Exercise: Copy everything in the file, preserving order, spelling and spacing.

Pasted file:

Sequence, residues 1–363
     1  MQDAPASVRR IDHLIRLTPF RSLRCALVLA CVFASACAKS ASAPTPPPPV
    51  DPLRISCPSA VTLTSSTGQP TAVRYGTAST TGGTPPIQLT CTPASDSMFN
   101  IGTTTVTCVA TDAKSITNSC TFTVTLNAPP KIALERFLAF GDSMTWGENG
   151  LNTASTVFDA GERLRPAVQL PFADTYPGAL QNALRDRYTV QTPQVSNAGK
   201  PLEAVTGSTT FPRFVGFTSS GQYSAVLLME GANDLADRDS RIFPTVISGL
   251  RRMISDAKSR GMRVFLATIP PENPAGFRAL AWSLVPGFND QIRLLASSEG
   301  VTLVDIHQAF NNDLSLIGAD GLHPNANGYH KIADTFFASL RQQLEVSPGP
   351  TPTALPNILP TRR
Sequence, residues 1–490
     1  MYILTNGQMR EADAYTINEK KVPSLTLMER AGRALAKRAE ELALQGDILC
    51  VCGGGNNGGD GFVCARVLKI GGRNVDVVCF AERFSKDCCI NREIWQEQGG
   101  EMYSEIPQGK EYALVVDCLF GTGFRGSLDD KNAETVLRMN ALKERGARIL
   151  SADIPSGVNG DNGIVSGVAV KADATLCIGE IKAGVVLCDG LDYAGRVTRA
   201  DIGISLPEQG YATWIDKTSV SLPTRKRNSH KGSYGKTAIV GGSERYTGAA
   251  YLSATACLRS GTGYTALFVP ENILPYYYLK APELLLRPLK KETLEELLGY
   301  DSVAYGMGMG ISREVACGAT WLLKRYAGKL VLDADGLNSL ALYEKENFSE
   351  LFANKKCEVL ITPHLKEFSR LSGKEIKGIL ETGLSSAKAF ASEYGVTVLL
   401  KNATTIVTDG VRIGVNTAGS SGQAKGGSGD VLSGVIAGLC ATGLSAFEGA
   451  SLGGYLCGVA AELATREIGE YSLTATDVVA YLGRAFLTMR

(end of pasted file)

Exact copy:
Sequence, residues 1–363
     1  MQDAPASVRR IDHLIRLTPF RSLRCALVLA CVFASACAKS ASAPTPPPPV
    51  DPLRISCPSA VTLTSSTGQP TAVRYGTAST TGGTPPIQLT CTPASDSMFN
   101  IGTTTVTCVA TDAKSITNSC TFTVTLNAPP KIALERFLAF GDSMTWGENG
   151  LNTASTVFDA GERLRPAVQL PFADTYPGAL QNALRDRYTV QTPQVSNAGK
   201  PLEAVTGSTT FPRFVGFTSS GQYSAVLLME GANDLADRDS RIFPTVISGL
   251  RRMISDAKSR GMRVFLATIP PENPAGFRAL AWSLVPGFND QIRLLASSEG
   301  VTLVDIHQAF NNDLSLIGAD GLHPNANGYH KIADTFFASL RQQLEVSPGP
   351  TPTALPNILP TRR
Sequence, residues 1–490
     1  MYILTNGQMR EADAYTINEK KVPSLTLMER AGRALAKRAE ELALQGDILC
    51  VCGGGNNGGD GFVCARVLKI GGRNVDVVCF AERFSKDCCI NREIWQEQGG
   101  EMYSEIPQGK EYALVVDCLF GTGFRGSLDD KNAETVLRMN ALKERGARIL
   151  SADIPSGVNG DNGIVSGVAV KADATLCIGE IKAGVVLCDG LDYAGRVTRA
   201  DIGISLPEQG YATWIDKTSV SLPTRKRNSH KGSYGKTAIV GGSERYTGAA
   251  YLSATACLRS GTGYTALFVP ENILPYYYLK APELLLRPLK KETLEELLGY
   301  DSVAYGMGMG ISREVACGAT WLLKRYAGKL VLDADGLNSL ALYEKENFSE
   351  LFANKKCEVL ITPHLKEFSR LSGKEIKGIL ETGLSSAKAF ASEYGVTVLL
   401  KNATTIVTDG VRIGVNTAGS SGQAKGGSGD VLSGVIAGLC ATGLSAFEGA
   451  SLGGYLCGVA AELATREIGE YSLTATDVVA YLGRAFLTMR